The tools, dubbed Insights, draw upon near-real-time, de-identified data of course registrants, dynamically updating at frequent intervals. Initially harnessing information on 1,055,562 total registrants, the tools provide an intuitive way to review individual courses across a number of metrics, including global enrollment, certificate attainment, gender and age composition, and education levels, all viewable country-by-country on a world map. The tools also feature HarvardX-wide and MITx-wide statistics.
Developed collaboratively by Sergiy Nesterko, a research fellow at HarvardX, and Daniel Seaton, a postdoctoral research fellow at MIT’s Office of Digital Learning, the information and tools are an initial step in sharing data generated from massively open online courses (MOOCs) to advance learning science.
“These tools provide our faculty and course developers, as well as the general public, usable, visually interpretable data from course offerings in near real time,” Nesterko says. “This can help to guide instruction while courses are running and deepen our understanding of the impact of courses after they are complete.”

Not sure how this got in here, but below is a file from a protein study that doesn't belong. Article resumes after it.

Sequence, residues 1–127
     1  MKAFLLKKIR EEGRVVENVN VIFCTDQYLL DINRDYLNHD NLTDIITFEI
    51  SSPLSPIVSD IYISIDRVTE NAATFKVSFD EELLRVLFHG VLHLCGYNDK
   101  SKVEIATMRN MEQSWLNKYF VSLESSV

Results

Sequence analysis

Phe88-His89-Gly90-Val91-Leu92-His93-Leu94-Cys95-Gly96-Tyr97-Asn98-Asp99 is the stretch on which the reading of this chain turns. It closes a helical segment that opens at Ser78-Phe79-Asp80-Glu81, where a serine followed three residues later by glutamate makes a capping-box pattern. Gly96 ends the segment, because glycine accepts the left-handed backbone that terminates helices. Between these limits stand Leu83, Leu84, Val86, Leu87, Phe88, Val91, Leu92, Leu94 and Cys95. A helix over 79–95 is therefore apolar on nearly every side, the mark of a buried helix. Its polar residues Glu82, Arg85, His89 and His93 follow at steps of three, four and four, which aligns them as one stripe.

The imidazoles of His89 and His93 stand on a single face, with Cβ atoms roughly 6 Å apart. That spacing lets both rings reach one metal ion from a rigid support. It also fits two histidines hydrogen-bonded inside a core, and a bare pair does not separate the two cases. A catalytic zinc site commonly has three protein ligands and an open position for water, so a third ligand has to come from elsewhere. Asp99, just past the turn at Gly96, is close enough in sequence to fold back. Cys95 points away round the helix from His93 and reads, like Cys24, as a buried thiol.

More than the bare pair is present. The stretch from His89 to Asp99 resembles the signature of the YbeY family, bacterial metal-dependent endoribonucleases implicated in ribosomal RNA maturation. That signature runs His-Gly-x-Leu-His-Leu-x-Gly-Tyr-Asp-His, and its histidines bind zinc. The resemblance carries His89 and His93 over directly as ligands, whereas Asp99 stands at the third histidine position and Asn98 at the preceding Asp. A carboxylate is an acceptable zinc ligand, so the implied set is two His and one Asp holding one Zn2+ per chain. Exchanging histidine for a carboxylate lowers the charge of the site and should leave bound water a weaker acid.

For example, Insights shares HarvardX and MITx course registrations from China, highlighting how technical barriers such as the blocking of YouTube and firewalls influence participation. The tools can also shed light on common claims, such as the claim that MOOCs primarily serve male, highly educated students. It turns out that gender and education demographics vary dramatically across different countries and courses.
“Our hope is that these tools will be useful to everyone, including researchers, journalists, course developers, and the public, for the purpose of understanding how these courses work and who our students are,” Seaton says.
The interactive tools, originally conceived by Nesterko, were used for open online courses offered by HarvardX. Seaton later adapted the suite for use by MITx, demonstrating how Insights can be customized to particular institutions.
Because the code is open-source, and the aggregated datasets are downloadable, interested users can modify and build upon existing functionality. In the future, Nesterko and Seaton plan to expand the Insights toolkit to include distinctions between “auditors” and “enrollees.”
The researchers anticipate that ultimately other edX consortium members, and potentially schools using other open learning platforms, will use the tools to enable rich multi-institutional studies.